Here are three definitions of the word:


    1. Restoration of health; recovery from disease.
    2. A method or course of medical treatment used to restore health.
    3. An agent, such as a drug, that restores health; a remedy.


    Cheryl is referring to definitions #2 and #3, while you are using definition #1. So, you may be cured, but there is still no known cure.

    This is why, for the purposes of this forum, I think #1 is inappropriate. There are good substitutes for the first definition: survivor, NED, recovered...

    Speaking of this as an incurable but manageable disease is the most accurate. Even if I survive this, I will never refer to myself as cured, as that is unfair to those who join me in this journey but never reach the finish.
  • Crow71
    Crow71 Member Posts: 679
    luvmum said:

    surviving stage 4
    Hi Bobby,

    I've read some research reports which showed that if liver surgery is possible after several chemo sections, the 5 year survival rate will increase a lot!

    I wonder any of you survive stage 4 without liver/lung surgery? My mum's oncologist said to me even before the chemo begins that my mum has very very very little chance to have liver surgery!!! =*(

    Dora

    p.s. There is a case here in Hong Kong. My friend's mum who had cancer remission 7 years ago, with tumor in her brain, liver, lung, she is still here and can help taking care of her grand-children.

    Surgery good
    Hey Dora,

    The old saying is totally true
    Med oncs want chemo
    Rad oncs want to burn
    Surg oncs want to cut
    I say, "Bless them all!!!"

    I was dx 7-09. Stage IV. Liver mets. Peritoneal mets. I was told by my med onc that surgery would not be an option. I had a great response to Folfox and after 12 treatments I had surgery. The surgery was not a "cure" and I'm still doing chemo, but I'm glad I did the surgery. Your onc wants you to think and feel in a realistic way. I think that's good. Hope comes from inside of us, not our doctors. Don't lose hope about having surgery. When it comes time to decide, you and your medical team will decide together. Be ready. In the meantime . .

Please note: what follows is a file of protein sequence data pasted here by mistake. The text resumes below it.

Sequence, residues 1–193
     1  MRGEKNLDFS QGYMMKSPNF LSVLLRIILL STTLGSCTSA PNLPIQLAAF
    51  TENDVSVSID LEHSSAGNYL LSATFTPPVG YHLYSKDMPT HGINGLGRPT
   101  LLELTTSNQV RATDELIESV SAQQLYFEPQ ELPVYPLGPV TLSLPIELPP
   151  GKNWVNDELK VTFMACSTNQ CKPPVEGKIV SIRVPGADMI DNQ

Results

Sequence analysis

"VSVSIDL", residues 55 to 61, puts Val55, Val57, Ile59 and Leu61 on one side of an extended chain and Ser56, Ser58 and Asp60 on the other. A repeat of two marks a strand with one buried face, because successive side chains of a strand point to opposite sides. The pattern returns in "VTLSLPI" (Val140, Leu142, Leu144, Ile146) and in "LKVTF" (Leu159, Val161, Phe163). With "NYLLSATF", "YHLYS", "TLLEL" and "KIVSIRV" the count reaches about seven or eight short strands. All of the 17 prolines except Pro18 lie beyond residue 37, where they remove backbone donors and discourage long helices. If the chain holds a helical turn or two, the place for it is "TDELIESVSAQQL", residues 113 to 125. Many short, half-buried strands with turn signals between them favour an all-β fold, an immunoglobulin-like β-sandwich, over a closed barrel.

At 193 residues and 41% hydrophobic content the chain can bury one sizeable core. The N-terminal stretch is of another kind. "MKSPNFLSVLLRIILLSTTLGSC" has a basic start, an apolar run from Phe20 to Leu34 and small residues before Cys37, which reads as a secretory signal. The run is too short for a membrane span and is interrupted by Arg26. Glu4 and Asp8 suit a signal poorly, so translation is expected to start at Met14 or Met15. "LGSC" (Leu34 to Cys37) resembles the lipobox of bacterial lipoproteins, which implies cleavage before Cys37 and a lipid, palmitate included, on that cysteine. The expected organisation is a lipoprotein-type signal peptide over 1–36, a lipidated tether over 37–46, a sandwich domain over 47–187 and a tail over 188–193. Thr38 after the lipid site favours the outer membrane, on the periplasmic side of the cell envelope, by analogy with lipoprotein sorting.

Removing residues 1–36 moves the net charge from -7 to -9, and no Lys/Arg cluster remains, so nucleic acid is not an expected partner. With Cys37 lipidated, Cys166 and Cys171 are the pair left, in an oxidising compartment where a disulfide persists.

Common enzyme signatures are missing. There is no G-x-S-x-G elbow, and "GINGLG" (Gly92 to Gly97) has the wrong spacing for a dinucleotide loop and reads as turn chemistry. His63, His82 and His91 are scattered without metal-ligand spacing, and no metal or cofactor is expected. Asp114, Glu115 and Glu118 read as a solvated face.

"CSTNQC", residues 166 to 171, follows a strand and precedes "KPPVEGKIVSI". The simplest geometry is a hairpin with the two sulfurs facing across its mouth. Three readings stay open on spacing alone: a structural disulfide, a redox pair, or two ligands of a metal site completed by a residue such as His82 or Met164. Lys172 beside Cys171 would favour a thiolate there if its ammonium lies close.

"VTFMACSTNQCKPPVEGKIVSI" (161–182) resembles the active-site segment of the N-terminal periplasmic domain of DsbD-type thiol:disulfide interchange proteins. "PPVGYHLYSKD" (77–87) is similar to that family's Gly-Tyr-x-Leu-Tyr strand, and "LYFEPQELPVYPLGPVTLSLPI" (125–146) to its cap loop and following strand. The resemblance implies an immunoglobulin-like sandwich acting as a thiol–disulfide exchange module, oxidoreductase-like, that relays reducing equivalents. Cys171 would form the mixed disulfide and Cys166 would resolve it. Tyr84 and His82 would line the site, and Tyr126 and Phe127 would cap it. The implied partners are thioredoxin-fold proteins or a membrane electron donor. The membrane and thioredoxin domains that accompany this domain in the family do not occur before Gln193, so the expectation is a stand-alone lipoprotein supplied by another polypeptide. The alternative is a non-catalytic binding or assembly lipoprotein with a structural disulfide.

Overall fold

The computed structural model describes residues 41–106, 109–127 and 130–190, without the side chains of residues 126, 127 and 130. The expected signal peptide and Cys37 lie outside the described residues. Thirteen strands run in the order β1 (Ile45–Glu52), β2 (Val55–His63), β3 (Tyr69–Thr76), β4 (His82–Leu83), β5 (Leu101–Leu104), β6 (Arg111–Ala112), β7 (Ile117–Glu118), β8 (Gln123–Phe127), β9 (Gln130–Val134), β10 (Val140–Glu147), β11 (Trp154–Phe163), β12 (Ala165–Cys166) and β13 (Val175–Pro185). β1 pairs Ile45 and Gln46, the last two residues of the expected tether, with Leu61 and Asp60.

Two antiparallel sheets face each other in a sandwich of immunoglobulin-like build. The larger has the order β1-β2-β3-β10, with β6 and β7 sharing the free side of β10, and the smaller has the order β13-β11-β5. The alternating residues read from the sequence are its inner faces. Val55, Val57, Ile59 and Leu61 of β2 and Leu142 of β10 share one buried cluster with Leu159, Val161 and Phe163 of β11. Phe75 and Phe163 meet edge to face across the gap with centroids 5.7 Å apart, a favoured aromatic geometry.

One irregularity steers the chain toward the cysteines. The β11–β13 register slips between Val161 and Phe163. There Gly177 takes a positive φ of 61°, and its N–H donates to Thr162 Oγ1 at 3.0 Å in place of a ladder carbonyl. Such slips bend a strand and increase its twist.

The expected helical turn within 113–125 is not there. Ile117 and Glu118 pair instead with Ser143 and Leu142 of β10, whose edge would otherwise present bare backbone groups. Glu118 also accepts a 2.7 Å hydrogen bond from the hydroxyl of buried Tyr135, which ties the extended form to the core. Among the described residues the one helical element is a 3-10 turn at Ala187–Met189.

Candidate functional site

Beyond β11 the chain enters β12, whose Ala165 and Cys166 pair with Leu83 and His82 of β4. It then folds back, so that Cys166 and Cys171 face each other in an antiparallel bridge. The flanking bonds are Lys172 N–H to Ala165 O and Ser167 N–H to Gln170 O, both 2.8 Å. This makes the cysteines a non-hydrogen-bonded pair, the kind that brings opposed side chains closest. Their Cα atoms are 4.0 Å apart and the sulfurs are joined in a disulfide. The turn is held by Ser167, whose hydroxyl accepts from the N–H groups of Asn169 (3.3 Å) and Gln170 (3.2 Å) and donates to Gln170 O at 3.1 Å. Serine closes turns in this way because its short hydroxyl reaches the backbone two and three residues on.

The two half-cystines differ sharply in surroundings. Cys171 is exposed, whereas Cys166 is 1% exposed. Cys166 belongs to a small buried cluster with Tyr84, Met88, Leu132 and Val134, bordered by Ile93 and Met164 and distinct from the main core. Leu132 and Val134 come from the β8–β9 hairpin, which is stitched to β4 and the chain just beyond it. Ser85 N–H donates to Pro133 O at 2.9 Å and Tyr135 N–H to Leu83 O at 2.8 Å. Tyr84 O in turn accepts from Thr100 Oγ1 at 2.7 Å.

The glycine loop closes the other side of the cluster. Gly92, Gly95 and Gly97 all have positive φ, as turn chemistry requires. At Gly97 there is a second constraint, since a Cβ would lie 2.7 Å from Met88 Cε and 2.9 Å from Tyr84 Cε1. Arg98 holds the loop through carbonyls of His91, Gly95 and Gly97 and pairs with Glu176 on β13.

Stay strong and focussed,

    Roger
  • scouty
    scouty Member Posts: 1,965

    Hey Lisa!
    I think you may have misunderstood my post in the other thread. What had me concerned was how it came across (and maybe it was me misunderstanding what Bobby had said) but that he had been diagnosed as Stage IV, that the original colon cancer had spread to his liver (hence the staging), that he did have the applicable surgeries and was on the protocol of chemo after the surgery, and is still on the chemo until next month, but here his oncologist is saying he's cancer-free and does not need CEA testing or scans. THAT concerned me that an oncologist would be so free with telling a patient that he is cancer-free when he hasn't even finished his treatment yet and he has had no follow up scans/CEA counts to back up this claim.